Here's what I came up with:

Bill's variation on Bittman's Pasta With Chickpeas, Chorizo and Bread Crumbs

Extra virgin olive oil, as needed

1 teaspoon butter

1/4 pound cooked Spanish chorizo or kielbasa, chopped
(really, since this supplies the only cuisine-specific spices in the dish, you could use any sort of cooked sausage you like, but you'd probably want to make further changes if you go far afield. I could see a version with Chinese sausage and rice stick pasta. I used a Portuguese chourico this time, but it wasn't as spicy as advertised. Next time I'm likely to switch to a linguica or andouille.)

1 clove garlic, finely minced

1/4 cup onion, finely minced

1 small tomato, chopped (The tomato doesn't get cooked so use a nicely ripe flavorful one. I like Campari for this sort of application.)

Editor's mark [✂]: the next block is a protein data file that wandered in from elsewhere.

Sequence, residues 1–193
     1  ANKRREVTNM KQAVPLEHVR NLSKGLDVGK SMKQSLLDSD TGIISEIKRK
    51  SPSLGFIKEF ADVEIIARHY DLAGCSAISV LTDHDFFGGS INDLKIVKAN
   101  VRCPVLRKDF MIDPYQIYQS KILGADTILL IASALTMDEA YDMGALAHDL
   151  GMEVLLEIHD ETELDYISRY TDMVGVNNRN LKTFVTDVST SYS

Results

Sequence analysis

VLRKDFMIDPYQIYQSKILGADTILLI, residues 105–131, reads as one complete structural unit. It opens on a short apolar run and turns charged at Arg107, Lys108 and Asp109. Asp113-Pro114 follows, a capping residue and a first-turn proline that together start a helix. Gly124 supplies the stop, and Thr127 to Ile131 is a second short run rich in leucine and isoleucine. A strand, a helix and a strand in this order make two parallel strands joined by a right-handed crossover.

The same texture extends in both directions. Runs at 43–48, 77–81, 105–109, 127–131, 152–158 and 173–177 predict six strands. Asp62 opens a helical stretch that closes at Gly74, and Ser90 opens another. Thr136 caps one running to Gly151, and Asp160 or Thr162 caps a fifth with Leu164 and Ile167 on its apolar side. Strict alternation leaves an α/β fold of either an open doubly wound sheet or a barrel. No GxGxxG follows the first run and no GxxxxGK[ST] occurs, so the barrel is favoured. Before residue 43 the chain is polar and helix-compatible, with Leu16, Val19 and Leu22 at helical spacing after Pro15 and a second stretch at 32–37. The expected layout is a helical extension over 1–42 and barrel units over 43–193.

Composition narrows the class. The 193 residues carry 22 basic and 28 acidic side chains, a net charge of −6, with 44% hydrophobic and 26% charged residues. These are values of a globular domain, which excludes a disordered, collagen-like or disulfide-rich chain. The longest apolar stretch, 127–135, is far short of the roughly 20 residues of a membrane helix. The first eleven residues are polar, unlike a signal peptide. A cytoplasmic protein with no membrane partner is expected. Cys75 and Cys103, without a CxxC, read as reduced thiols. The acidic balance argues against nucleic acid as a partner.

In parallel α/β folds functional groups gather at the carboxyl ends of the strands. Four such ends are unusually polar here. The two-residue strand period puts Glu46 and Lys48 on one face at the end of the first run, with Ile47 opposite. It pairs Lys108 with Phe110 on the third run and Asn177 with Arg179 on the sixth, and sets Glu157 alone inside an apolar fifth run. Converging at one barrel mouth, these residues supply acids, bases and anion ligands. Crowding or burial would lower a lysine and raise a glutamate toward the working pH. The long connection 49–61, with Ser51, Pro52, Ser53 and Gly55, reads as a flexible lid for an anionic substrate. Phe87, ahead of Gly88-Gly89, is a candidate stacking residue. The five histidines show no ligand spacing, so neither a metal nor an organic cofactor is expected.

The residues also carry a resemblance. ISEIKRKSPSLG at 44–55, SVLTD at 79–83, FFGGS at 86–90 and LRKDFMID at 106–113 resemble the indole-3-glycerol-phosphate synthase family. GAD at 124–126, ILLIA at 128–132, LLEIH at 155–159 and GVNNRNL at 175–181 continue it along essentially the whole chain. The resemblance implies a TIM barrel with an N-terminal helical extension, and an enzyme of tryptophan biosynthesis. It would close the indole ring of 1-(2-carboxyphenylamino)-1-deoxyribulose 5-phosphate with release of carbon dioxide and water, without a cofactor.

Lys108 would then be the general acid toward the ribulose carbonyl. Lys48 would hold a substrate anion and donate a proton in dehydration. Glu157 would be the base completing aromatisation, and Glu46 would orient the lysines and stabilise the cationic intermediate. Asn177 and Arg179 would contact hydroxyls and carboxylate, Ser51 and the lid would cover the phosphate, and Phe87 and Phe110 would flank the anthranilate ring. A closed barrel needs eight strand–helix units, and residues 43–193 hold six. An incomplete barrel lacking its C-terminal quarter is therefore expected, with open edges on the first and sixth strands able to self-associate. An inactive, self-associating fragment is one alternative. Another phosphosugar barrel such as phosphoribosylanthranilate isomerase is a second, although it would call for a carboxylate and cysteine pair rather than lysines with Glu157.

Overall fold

1/2 cup coarse fresh bread crumbs or one thick slice of hearty bread chopped to 1/4" cubes or smaller

2 cups cooked chickpeas, with their liquid

1/4 pound cut pasta, like ziti or penne (Use the small bore versions of these. Shells would work, too. Nothing too much larger around than the chickpeas.)

copious amounts of Vulcan salt
(This spice blend from Spice House includes Salt, Louisiana Chile Mash, Garlic, Habanero Chile, Shallots, Tellicherry Pepper, Lime Peel, Pimenton de La Vera, Picane, Cumin, allspice and Vinegar. Regular salt and a good bit of Tabasco would probably be a fine substitute. If you go that route, go light on the chickpea liquid to compensate for the extra water.)

1. Set a pot of water to boil and salt it. When it comes to a boil add pasta and cook until not quite tender.

2. Meanwhile, put 1 tablespoon olive oil in a skillet over medium-high heat and add chorizo; heat, stirring occasionally, until chorizo is lightly browned, add onion and garlic (and some Vulcan salt), cook until onion has softened then remove with a slotted spoon and set aside. Add tomato to bowl with chorizo and onion.